The federal government is the one wild card on Wall Street that is wreaking havoc on stocks, CNBC’s Jim Cramer said Wednesday.

President Donald Trump campaigned on business-friendly promises to cut red tape, but federal agencies led by his appointees have “declared war” on big tech and it’s a “rude awakening,” the “Mad Money” host said.

“After today, this White House is clearly not as friendly to big business as I know I thought. The days of corporations getting a free pass is over, unless they happen to be in Republican-friendly industries like coal and oil,” he said. “That is a major shift, it’s not getting enough attention.”

The Justice Department on Tuesday initiated an antitrust review of Facebook, Amazon, Apple and Google-parent Alphabet on suspicion that their business practices limit competition. Their shares fell in after-hour trading following the announcement, while the stocks of Apple and Alphabet traded in the red on Wednesday.

Whatever comes of these investigations could lead to rules, such as those placed on Facebook, that stifle their innovation, Cramer said. While he sees the issue on both sides of the coin — anti-competitive behavior is anti-competitive, even if consumers benefit from lower prices — Cramer thinks it’s an abrupt about face.

“It was shocking because the regulators have been laser-focused on consumer prices as the key antitrust barometer for ages,” he said. “But it’s been unenforced for so long that I’m indignant on Apple’s behalf. While we need antitrust law, [it’s] a little jarring when the whole regulatory regime changes over night from a Republican president who is anti-regulation.”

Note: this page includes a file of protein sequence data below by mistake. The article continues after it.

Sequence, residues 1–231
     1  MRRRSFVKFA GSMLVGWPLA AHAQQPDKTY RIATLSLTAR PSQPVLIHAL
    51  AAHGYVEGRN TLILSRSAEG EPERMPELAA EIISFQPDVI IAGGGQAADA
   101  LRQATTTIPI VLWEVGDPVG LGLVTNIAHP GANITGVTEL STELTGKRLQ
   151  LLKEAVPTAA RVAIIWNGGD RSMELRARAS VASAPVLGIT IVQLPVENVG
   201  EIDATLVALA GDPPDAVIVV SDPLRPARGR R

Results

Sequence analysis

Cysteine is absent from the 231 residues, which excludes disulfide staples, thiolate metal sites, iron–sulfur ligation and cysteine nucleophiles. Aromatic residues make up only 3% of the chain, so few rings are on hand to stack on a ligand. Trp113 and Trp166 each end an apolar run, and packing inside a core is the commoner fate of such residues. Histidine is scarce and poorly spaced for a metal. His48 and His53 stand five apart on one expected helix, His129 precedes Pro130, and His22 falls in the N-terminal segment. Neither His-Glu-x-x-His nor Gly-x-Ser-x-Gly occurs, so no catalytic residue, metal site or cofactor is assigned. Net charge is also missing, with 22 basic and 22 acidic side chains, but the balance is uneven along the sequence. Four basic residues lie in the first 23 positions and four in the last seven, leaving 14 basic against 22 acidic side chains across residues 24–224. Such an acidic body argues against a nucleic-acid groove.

Facebook, which has been embroiled in years of data privacy issues, felt the wrath of the Federal Trade Commission in a settlement that was announced Wednesday. The $584 billion social media giant was slapped with a $5 billion fine, but the most critical part was the agency’s orders that the company place independent directors on its board to monitor CEO Mark Zuckerberg and that privacy decisions be handled by an independent privacy commission, Cramer said.

“This was a brutal decision. In a way, Facebook had it coming, but [FTC Chairman Joseph] Simons nailed them harder I think than if he had taken them to court,” he said. “These are real restraints to the point where I think [it] will actually hurt their ability to make money, hurt their ability to be creative.”

Two FTC members, however, felt the $5 billion fine was not enough, with one going as far to say that the settlement “gives Facebook a lot to celebrate.”

Shares of Facebook initially fell after the announcement, but managed to climb more than $2 during the session before posting second quarter earnings and revenue numbers that topped estimates. The Dow Jones Industrial Average fell nearly 80 points on the day. The S&P 500 rose 0.47% and the tech-heavy Nasdaq Composite lifted 0.85%.

From here on out, investors must consider how much government interference companies could face from the Trump administration, Cramer said. Many people have been concerned about what a potential President Elizabeth Warren or President Bernie Sanders would mean for stocks, but the issue exists here and now, he added.

It all began with Federal Reserve Chair Jerome Powell’s “rookie mistake” last fall in proposing multiple interest rate hikes along with Trump’s directionless trade fight with China that has been a drag on the market, he said.

“The tariffs and Jay Powell’s missteps have created quite a thicket for corporate America. I think the stock market would be substantially higher without these two albatrosses around our necks.”

WATCH: Cramer talks the federal government’s probe into Big Tech

Disclosure: Cramer’s charitable trust owns shares of Facebook, Amazon and Alphabet.

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